Class of 2019 | International Crane Foundation

International Crane Foundation

 

Class of 2019

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Two of this year’s chicks were captive-hatched and raised by adult cranes with little human contact at the International Crane Foundation in Wisconsin. 2019 also had 19 chicks hatch with three fledge!

Parent-reared Whooping Cranes

Wild-hatched Whooping Cranes


79-19 (Balerion)

Sex: Female
Hatch Date: June 1, 2019

Fall 2019: 79-19 was released in Green Lake County, Wisconsin near adults 67-15 and 3-17 to help her learn how to be a whooping crane. She continued associating with them. By mid-November she arrived in Morgan County, Alabama. She remained here for the winter. 

Spring 2020:79-19 started migrating north in February. She spent some time in Fayette County, Illinois. By mid-April she arrived at Horicon Marsh in Dodge County, Wisconsin. She has been associating with male 74-18 and his father 16-11. 


80-19 (Arya)

Sex: Female
Hatch Date: June 6, 2019

 
Summer 2019: 80-19 hatched from an egg salvaged from 7-11/3-11’s nest when 3-11 was found dead at the nest.

Fall 2019: After recovering from a wing injury in captivity, 80-19 was released at Goose Pond at the beginning of November. She remained here for the winter, learning from other whooping cranes in the area. 

Photo: Hillary Thompson

Spring 2020:80-19 began her spring migration in March and arrived at Necedah National Wildlife Refuge at the end of March. It was a short stay as she arrived back in Indiana by mid-April. She was last seen in Illinois as of the end of May. 

Photo: John Pohl


W1-19

Sex: Female
Hatch Date: May 3, 2019

Spring 2019: W1-19 hatched to experienced parents 5-11 and 12-11 in Juneau County, Wisconsin in the beginning of May. At the end of June, staff from the International Crane Foundation captured the chick, gave her leg bands and a radio transmitter for identification, and drew blood for testing, which revealed that she is a girl! She fledged in July.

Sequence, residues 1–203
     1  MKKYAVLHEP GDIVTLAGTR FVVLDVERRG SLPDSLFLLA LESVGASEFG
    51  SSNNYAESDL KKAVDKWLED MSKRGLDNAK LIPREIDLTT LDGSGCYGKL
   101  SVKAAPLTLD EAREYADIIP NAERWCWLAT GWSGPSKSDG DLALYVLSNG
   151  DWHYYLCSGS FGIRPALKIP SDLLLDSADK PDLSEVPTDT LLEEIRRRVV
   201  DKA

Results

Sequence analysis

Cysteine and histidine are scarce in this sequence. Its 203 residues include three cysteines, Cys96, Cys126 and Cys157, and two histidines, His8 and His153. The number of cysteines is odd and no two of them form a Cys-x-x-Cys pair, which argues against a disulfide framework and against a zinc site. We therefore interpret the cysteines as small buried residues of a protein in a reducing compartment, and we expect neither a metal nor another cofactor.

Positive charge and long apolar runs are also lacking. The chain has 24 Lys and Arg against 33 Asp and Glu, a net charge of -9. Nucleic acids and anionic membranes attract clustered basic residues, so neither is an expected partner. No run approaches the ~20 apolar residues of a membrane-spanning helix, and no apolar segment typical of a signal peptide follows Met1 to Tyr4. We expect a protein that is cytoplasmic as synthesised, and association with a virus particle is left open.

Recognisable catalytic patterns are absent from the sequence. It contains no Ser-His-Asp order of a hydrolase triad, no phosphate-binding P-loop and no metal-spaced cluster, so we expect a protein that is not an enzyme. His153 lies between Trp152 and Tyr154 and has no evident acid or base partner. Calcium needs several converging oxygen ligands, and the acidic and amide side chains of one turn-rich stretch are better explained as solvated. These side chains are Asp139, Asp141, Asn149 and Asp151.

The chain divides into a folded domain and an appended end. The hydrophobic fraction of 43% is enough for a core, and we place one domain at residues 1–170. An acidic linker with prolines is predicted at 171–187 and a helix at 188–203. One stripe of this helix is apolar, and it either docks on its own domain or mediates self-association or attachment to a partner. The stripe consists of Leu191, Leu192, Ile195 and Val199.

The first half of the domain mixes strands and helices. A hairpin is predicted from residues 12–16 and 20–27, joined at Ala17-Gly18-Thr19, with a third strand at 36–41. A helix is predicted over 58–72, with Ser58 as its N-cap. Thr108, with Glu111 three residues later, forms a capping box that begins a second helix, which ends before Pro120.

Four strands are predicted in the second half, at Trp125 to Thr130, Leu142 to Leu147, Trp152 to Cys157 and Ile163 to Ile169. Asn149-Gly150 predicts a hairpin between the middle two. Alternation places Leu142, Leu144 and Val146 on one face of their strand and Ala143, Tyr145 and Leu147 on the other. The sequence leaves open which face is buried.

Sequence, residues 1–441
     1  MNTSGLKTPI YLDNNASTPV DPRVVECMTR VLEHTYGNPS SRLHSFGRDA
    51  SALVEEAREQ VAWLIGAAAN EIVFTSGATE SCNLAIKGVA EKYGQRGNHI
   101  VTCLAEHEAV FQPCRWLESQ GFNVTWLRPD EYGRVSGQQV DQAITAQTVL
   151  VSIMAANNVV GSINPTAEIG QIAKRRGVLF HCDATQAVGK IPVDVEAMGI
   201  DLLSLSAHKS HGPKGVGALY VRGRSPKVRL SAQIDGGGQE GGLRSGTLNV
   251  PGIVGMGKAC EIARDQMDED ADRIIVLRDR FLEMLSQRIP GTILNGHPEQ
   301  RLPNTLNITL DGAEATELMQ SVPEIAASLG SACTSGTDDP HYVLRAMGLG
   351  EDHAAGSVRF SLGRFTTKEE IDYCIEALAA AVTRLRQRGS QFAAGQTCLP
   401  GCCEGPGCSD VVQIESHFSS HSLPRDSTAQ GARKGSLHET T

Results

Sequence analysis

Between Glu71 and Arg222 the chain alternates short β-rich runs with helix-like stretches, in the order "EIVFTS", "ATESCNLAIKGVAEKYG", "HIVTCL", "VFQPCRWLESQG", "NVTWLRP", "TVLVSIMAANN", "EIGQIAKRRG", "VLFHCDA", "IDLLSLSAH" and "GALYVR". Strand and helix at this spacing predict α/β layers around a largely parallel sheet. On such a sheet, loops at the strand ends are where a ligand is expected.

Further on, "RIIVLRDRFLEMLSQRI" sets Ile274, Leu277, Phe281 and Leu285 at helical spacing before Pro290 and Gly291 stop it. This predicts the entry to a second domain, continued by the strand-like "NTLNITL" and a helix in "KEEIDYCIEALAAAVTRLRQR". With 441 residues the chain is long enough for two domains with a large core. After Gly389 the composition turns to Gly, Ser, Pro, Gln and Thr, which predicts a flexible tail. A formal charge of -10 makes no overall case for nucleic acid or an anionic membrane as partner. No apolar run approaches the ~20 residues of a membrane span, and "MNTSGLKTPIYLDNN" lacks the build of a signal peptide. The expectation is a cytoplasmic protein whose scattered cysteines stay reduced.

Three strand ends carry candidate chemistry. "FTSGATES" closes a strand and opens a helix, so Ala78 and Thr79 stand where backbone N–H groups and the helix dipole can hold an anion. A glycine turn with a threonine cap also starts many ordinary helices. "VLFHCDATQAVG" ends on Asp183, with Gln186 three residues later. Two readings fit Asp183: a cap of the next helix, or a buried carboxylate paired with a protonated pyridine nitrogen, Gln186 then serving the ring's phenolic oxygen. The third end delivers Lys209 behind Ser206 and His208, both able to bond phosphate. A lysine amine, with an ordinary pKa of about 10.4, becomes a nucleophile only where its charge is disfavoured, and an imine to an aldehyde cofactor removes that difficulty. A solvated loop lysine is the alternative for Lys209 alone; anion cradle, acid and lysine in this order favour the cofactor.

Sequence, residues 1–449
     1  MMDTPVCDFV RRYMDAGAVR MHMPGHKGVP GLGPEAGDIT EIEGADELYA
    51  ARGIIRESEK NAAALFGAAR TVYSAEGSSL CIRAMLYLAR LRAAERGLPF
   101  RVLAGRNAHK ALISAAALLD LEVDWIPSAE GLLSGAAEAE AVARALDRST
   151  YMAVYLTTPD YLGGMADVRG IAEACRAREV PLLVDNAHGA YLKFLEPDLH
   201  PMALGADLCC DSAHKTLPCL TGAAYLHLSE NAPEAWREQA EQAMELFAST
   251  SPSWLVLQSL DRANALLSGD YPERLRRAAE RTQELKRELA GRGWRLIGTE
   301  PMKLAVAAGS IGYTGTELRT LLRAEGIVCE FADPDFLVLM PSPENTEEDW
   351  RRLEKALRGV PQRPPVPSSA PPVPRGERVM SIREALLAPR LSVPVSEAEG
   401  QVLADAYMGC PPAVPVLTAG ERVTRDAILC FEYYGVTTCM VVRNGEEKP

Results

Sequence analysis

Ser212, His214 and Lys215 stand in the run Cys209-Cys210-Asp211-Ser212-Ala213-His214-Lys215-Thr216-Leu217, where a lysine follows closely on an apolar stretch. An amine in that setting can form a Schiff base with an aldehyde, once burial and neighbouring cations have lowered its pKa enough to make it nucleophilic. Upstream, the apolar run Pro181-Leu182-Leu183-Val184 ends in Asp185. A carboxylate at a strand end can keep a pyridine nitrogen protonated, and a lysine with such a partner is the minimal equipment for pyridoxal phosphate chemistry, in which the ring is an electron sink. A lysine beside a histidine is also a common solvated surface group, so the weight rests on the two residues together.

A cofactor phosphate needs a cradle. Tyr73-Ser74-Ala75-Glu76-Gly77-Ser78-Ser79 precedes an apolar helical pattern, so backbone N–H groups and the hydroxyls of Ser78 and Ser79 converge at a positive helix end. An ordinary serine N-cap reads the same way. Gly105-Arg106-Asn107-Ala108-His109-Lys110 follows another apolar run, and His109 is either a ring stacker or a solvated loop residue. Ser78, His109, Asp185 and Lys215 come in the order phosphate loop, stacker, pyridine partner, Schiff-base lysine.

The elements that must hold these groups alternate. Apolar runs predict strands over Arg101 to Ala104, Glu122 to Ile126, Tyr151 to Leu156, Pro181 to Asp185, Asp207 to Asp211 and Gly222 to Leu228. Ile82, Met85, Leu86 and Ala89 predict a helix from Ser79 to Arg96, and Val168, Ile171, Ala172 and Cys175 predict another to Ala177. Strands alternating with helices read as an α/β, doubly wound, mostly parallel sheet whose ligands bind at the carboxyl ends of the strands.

Photo: Hillary Thompson
Parents 5-11 and 12-11 with chick W1-19. Photo: Tom Jessen
Fall 2019: W1-19 migrated south with her parents are the beginning of November and within a week arrived in Gibson County, Indiana. They remained there for winter. 

W1-19 and 12-11. Photo: Hillary Thompson

Spring 2020: W1-19 was not seen for much of the winter. In March she was spotted in Ford County, Illinois. By the first of July, she was spotted again in Juneau County, Wisconsin, at Necedah National Wildlife Refuge. Since then she has started associating with male W10-18. Hopefully they will become a new pair! 


W14-19

Sex: Female
Hatch Date: June 2019 

Summer 2019: W14-19 hatched to pair 12-03 and 12-05 at Necedah National Wildlife Refuge in early June. In late July, a team made of staff from the International Crane Foundation and Necedah NWR captured the chick, placed bands and a radio transmitter on her leg for tracking, and drew blood as part of a health check. She fledged in late August.  
Fall 2019: W14-19 migrated south with her parents 12-03 and 12-05 to Knox County, Indiana in mid-November.  They remained here for the winter. 
Spring 2020: W14-19 was first observed in mid-April migrating north. She made a stop in Fulton County, Illinois with male 1-17. The two continued their journey and stopped in Tazewell County, Illinois. Eventually, the two made it to Portage County, Wisconsin and have remained there.  

W19-19

Sex:  Unknown
Hatch Date: June 22, 2019

Summer 2019: W19-19 hatched at Necedah NWR to pair 9-05 and 13-03. This was a special hatch, as the chick came from 9-05 and 13-03’s third nest attempt of the season- only the second pair to do this in the EMP! He/she fledged in September.  

Fall 2019: After many attempted captures, W19-19 eluded us every time and still roams bandlessFamily 13-03, 9-05, and W19-19 migrated together and were first seen at their wintering location of Goose Pond at the beginning of November. They also made a stop in Winnebago County, Illinois on the way. 

Photo: Bev Paulan

Photo: USFWS

Spring 2020:  W19-19’s first spring sighting was in May at Necedah National Wildlife Refuge and seems to be associating with female W3-18 and occasionally male W5-18. Hopefully W19-19 will pair up with W3-18 and we will try again this year to capture it!